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Local History

Levi Morrill: Notch, Missouri Postmaster and Uncle Ike in The Shepherd of Hills

Tucked away off Highway 76 just north of the entrance to Silver Dollar City is an old one-room clapboard building. Next to it, a two-story house, which must have been quite grand in its day, sits abandoned.  The roof of the porch has caved in, and ragged curtains hang at the windows.  There’s also an old smokehouse on the property, a building that was constructed several years after the other structures and the remains of a trail ride that operated there in the 1980s and 1990s.

The older buildings, on the National Register of Historic Places, were once the home and business of Levi Morrill.  It was here that Morrill and his wife, Jennie, after moving from their home in Lamar to the southern Missouri Ozarks, established the Notch Post Office in 1895.  They operated it out of their home and later in the small, one room structure, which also served as a grocery store, that Morrill built next door.

Morrill was made famous in the 1907 novel, The Shepherd of the Hills, by Harold Bell Wright in which the author modeled his character, Uncle Ike, after the Notch postmaster.

Curtis Copeland, president of the Society of Ozarkian Hillcrofters, said, while the post office is small, its significance to that region of the Ozarks is huge.

"The impact of The Shepherd of the Hills in this community--we're still feeling the effects, the positive effects, of tourism and interest in the Ozarks.  Other than Old Matt's Cabin, which is over at Shepherd of the Hills, this is the only remaining structure that was an actual place in that novel," said Copeland.

The Notch Post Office, as did any post office in those days, served an important role in the lives of early Ozarks pioneers.  It’s where they’d get their mail, catch up on the news and chat with their neighbors.  There was no Highway 76 then—just a dirt wagon trail that ran in front of the Morrill’s house and business and that forked just north of the property.  That fork or notch in the road, Copeland said, may be how the community got its name.  The Old Wilderness Trail was the major thoroughfare for the area.  Morrill hired local folks to deliver the mail on horseback to towns along the road such as Garber where trains would pick up outgoing letters and packages.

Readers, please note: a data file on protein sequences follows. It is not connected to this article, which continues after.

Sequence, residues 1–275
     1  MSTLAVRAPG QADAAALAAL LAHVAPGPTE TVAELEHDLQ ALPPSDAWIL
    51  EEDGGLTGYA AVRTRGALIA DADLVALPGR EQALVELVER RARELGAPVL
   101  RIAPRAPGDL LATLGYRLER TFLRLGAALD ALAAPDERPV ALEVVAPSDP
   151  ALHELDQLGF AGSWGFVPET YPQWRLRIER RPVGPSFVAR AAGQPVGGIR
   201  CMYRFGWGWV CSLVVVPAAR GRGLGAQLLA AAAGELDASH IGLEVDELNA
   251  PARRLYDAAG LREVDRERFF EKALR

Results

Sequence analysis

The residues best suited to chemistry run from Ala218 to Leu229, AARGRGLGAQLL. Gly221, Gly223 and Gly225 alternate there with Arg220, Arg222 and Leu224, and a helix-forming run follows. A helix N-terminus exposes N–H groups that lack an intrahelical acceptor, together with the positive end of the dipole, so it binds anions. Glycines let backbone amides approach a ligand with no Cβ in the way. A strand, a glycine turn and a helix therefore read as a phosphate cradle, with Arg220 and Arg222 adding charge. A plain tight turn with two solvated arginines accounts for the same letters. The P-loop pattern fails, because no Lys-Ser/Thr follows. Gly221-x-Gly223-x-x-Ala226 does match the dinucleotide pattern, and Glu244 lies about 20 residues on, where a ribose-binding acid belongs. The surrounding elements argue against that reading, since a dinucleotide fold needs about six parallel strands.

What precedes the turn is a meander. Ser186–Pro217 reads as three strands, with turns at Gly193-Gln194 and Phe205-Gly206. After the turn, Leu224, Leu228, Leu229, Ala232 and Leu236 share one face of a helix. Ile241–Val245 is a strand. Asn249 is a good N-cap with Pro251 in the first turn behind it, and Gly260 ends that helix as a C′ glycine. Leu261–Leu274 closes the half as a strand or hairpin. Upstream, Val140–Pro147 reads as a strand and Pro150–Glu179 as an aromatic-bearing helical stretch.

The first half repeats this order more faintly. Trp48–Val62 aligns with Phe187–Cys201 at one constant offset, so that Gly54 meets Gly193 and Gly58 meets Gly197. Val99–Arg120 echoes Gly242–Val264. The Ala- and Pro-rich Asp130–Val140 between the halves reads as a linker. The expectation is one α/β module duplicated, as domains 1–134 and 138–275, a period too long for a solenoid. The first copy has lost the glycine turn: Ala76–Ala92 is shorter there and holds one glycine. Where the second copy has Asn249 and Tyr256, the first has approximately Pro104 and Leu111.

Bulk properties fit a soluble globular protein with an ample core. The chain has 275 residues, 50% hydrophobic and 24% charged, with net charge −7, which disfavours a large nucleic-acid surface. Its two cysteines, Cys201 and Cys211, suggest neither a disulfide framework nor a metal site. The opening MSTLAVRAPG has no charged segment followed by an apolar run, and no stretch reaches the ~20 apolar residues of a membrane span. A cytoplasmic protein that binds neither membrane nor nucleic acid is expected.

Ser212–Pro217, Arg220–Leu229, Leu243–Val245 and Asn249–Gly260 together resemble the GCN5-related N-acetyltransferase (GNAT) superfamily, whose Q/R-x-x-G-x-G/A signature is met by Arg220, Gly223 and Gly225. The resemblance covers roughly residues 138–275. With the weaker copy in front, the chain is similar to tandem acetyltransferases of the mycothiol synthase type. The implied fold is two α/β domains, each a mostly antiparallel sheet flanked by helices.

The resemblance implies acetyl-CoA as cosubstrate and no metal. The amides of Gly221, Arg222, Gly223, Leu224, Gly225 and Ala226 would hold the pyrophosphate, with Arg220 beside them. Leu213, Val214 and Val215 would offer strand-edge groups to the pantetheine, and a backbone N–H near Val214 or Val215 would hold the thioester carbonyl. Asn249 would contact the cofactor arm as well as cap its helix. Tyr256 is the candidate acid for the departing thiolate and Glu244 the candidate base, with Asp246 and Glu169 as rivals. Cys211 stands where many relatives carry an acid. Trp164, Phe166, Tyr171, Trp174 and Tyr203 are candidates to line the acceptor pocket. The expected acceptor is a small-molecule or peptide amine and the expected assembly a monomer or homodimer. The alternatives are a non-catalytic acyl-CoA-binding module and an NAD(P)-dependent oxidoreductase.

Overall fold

Garber earned a spot in The Shepherd of the Hills, too, according to Copeland.

"Some of the quote, unquote characters in The Shepherd of the Hills novel, that was where they ended up at.  For instance, John Ross and his wife, known in the book as Old Matt and Aunt Molly, they migrated down to Garber and spent the remainder of their years down there," he said.

Morrill’s friend, Truman Powell, whom Morrill had followed to the Ozarks, is the shepherd in The Shepherd of the Hills.  He established the Stone County Oracle newspaper, which is where Morrill worked when he first arrived in the area.  And he discovered Fairy Cave, now known as Talking Rocks Caverns.

While the Morrill Homestead is a part of early Ozarks history that’s frozen in time, Copeland said the area surrounding it would have looked much different when the Morrills arrived. 

"Because of the railroad coming through, there was probably a lot fewer trees than we see now, believe it or not," he said.  "The tie hacking industry to create railroad ties was a major source of income from these rural farmers, which were usually just subsistence farmers to keep food on the table, not a whole lot of places for crops and so forth."

At the time, Branson was just a tiny settlement where Reuben Branson had established a post office.  When the railroad came through in the early 1900s, according to Copeland, it put Branson on the map.